Coop/Run.... Welded wire/Hardware cloth????

Discussion in 'Coop & Run - Design, Construction, & Maintenance' started by DebB11, Apr 2, 2011.

  1. DebB11

    DebB11 Chirping

    Mar 21, 2011
    Is it necessary to use hardware cloth to fence in the entire run/coop or can I use a combination of welded wire and hardware cloth?

    Trying to figure out where we can get by with using the welded wire and where we absolutely need the hardware cloth?

  2. bburn

    bburn Songster

    Jul 9, 2010
    Delaware, Arkansas
    Welded wire is fine as long as the squares are not the big ones. THEN you can run hardware cloth up a couple of feet all the way around.

    Now saying that....I have chain link. Then I have corragated tin all around the bottom. I used hardware cloth in the windows and over the chain link door that is in front of the coop door.


    I think hardware cloth is expensive. I did use it on the chicken tractor. But, if you can cut corners while still protecting the chickens...why not.
  3. CityChook

    CityChook Songster

    Apr 9, 2008
    Minneapolis, MN
    My Coop
    I've used both. The welded wire isn't as predator proof, so if you can, I'd use it up high with the hardware wire down low (where the chickens will be). That way a raccoon can't reach through the wire and hurt your chickens. It will not stop weasels and snakes from entering your set up, however it's better than poultry wire.

    True, it's less expensive. But go into it with full knowledge that you might incur some loss to predators when you use it.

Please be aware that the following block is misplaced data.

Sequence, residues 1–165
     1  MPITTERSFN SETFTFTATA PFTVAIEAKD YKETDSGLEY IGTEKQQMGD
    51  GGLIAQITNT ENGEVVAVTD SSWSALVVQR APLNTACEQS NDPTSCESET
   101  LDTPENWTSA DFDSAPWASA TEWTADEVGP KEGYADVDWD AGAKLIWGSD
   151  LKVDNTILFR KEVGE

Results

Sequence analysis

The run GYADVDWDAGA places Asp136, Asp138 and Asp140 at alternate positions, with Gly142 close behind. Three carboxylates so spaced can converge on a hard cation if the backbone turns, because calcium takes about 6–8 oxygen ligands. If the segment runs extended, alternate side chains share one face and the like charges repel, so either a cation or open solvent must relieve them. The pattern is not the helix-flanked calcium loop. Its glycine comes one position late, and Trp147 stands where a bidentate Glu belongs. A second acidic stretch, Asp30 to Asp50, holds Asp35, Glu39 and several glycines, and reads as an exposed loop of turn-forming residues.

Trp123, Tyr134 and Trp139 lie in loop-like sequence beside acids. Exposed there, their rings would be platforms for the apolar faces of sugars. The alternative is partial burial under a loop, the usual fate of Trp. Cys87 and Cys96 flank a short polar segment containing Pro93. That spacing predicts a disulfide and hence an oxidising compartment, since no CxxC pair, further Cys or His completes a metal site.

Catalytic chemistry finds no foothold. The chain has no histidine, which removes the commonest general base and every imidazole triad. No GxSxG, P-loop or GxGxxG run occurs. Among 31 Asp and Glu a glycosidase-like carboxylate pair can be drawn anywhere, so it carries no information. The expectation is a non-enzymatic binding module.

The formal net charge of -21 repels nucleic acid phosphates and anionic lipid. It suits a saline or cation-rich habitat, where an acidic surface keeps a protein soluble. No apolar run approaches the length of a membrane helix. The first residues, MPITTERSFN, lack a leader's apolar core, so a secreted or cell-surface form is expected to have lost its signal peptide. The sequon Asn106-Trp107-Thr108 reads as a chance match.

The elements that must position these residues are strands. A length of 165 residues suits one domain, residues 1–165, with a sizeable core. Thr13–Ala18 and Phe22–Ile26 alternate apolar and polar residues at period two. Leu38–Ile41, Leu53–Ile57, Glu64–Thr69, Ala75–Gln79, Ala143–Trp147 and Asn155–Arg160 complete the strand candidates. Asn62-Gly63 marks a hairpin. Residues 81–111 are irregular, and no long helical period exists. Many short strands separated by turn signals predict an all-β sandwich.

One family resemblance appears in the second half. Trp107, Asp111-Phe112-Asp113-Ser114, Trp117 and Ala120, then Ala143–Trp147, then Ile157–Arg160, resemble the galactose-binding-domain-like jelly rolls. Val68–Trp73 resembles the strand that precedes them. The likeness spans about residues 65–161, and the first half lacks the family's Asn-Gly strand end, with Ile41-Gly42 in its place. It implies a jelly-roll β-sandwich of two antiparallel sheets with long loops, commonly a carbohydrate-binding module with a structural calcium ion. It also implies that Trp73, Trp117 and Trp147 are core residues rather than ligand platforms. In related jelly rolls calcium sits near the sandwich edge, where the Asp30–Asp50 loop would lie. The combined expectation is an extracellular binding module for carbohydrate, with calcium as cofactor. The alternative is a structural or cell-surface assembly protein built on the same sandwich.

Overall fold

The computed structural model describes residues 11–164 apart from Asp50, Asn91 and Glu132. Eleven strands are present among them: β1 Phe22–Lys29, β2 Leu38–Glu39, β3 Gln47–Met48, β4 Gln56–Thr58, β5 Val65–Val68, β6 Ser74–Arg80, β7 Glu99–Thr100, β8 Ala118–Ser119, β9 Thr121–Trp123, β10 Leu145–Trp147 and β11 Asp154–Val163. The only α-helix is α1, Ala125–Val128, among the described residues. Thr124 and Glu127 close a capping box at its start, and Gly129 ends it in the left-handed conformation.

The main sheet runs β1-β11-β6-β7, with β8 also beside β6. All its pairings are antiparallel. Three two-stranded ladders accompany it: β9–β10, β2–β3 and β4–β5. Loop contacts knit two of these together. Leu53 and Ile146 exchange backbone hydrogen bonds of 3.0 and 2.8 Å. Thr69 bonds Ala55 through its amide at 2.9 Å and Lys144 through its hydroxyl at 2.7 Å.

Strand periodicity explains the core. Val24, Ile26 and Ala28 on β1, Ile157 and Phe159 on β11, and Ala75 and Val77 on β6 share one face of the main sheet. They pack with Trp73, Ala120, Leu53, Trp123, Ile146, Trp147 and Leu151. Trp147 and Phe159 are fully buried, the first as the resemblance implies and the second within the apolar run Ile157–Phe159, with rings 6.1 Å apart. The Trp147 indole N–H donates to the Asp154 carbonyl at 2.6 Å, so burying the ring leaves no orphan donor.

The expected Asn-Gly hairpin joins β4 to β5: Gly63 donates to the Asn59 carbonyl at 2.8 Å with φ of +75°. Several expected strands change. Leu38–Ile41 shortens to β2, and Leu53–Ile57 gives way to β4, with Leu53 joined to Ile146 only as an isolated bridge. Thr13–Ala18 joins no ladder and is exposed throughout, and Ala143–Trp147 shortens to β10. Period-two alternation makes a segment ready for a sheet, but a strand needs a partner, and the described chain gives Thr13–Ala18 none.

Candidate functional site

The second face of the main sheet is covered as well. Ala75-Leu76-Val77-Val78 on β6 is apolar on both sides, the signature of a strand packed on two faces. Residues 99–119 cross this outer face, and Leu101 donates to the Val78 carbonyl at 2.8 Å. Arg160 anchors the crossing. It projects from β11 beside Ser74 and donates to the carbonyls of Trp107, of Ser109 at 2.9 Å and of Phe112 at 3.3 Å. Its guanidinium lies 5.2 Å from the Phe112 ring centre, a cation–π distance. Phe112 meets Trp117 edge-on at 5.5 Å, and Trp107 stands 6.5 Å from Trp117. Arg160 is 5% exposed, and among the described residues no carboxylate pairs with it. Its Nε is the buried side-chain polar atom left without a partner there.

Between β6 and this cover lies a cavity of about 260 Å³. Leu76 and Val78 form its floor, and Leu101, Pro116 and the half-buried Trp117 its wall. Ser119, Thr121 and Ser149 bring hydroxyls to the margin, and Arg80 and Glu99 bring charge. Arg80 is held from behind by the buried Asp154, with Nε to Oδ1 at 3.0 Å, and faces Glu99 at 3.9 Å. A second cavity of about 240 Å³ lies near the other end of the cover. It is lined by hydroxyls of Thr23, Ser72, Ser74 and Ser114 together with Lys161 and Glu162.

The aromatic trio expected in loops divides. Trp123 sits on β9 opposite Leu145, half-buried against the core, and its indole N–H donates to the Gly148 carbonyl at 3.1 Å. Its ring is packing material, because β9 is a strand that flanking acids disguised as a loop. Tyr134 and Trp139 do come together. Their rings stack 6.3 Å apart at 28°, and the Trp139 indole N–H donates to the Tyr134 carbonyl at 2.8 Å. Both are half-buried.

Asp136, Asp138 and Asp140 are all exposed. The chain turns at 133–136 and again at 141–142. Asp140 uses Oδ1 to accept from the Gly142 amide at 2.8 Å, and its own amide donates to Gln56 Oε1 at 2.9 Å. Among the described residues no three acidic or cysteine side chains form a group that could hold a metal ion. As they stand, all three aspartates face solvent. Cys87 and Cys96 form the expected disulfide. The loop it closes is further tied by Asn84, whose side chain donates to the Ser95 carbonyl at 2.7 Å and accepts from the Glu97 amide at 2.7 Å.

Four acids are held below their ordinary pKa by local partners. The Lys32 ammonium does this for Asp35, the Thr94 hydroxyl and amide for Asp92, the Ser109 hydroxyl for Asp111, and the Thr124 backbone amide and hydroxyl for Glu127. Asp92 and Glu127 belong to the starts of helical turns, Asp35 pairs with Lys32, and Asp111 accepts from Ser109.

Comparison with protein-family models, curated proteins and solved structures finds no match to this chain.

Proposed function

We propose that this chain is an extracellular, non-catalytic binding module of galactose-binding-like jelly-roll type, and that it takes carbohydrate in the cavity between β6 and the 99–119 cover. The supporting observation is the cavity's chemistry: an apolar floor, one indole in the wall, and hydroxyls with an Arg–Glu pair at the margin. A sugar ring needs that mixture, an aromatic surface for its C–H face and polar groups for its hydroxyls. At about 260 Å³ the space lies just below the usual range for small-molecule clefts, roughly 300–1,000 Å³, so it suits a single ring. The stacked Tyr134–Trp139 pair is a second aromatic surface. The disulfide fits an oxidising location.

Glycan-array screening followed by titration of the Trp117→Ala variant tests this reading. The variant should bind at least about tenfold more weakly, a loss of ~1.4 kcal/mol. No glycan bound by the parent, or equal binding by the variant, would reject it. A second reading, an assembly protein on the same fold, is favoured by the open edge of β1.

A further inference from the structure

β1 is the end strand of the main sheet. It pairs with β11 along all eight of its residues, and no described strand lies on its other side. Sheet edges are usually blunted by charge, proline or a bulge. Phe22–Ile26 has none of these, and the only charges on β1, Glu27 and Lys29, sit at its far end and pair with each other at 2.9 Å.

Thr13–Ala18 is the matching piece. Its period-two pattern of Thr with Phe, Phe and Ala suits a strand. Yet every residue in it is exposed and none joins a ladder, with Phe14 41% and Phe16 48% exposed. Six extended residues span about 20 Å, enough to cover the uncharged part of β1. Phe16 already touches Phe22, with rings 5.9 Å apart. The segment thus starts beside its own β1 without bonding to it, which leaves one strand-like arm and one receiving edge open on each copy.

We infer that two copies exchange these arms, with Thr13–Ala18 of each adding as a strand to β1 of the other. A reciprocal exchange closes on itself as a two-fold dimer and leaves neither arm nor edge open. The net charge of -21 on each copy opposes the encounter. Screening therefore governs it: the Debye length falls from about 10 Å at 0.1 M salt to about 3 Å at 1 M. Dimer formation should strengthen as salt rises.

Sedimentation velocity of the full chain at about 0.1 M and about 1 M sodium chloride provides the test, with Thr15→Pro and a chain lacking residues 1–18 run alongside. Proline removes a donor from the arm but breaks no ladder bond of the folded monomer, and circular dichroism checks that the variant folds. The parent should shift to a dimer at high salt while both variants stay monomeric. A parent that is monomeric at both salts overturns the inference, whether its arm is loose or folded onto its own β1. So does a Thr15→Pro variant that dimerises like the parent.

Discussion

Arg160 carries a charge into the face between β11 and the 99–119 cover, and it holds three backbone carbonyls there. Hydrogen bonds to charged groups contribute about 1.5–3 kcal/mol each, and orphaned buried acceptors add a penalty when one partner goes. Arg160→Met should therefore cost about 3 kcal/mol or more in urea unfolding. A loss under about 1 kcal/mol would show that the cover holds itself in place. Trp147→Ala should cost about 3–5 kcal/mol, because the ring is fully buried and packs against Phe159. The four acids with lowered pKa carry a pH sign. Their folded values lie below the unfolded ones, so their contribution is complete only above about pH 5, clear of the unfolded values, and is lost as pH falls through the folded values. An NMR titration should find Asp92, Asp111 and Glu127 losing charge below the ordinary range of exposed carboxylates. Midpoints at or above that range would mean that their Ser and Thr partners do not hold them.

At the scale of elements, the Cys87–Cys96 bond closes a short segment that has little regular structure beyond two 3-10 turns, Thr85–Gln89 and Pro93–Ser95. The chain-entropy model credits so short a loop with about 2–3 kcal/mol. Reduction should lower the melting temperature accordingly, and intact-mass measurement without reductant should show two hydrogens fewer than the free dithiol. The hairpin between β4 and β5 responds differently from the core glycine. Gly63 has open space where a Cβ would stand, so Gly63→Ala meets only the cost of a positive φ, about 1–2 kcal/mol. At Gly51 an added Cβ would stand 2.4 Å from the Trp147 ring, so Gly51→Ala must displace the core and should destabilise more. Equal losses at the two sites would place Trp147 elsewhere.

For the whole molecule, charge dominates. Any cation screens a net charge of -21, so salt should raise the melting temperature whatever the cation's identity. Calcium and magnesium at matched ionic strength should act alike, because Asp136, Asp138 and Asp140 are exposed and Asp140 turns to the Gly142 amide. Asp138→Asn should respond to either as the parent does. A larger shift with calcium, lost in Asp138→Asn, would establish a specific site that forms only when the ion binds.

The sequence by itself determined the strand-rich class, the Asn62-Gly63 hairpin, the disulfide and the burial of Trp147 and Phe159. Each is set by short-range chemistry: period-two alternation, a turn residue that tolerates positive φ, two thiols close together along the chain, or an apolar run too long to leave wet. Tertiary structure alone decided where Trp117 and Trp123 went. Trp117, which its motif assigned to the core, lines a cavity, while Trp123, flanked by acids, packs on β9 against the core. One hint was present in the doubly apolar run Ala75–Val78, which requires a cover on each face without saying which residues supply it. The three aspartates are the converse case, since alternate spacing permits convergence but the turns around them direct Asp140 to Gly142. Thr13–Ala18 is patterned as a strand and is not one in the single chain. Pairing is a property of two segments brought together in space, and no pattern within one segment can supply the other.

eta: thanks Elmo.
    Last edited: Apr 3, 2011
  4. elmo

    elmo Songster

    May 23, 2009
    Let's clarify terminology. Welded wire is sometimes called hardware cloth, although sometimes the term hardware cloth is used to refer to welded wire that has small openings between the horizontal and vertical wires (say, 1/2" by 1/2" for example). There's no real uniform standard for what you call welded wire products based upon wire spacing that I know of, though.

    Welded wire is to be distinguished from woven wire (like chickenwire). Instead of welding the vertical and horizontal wires, the strands of woven wire are just twisted around each other, making the product less strong and secure.

    Wire comes in different gauges, or thicknesses. The lower the gauge, the thicker and stronger the wire. Finally, welded wire can be galvanized (coated with zinc to prevent rusting) either before it's welded (GBW) or after it's welded (GAW). Wire that's galvanized after welding is stronger and more expensive, and it lasts longer.

    Wire with openings no larger than 1/2" by 1/2" inch will stop "reach through" predation, so many people use wire with larger openings and just wrap the bottom 2 or 3 feet of the run with wire that has the smaller openings, or even with something solid. If you use wire with larger openings for the higher part of the run and/or the roof, be careful that the openings aren't so large that something like a weasel or a young raccoon could squeeze in, because they certainly can climb. However, if your chickens are going to be locked inside a secure coop at night when predator risk is highest, this becomes less of an issue.
  5. bburn

    bburn Songster

    Jul 9, 2010
    Delaware, Arkansas
    Quote:And there you go. What I would have said if I knew more about it! LOL
  6. gavinandallison

    gavinandallison Songster

    Jul 25, 2010
    Matthews, NC.
    My runs are all built from chain link dog kennels. I used 36" 19 gauge hardware cloth around the bottom 24" and have buried the other 12". Yes hardware cloth is expensive, probably the most expensive single item you will buy, but believe me well worth it to keep predators out and to not have the heartache of finding dead birds!

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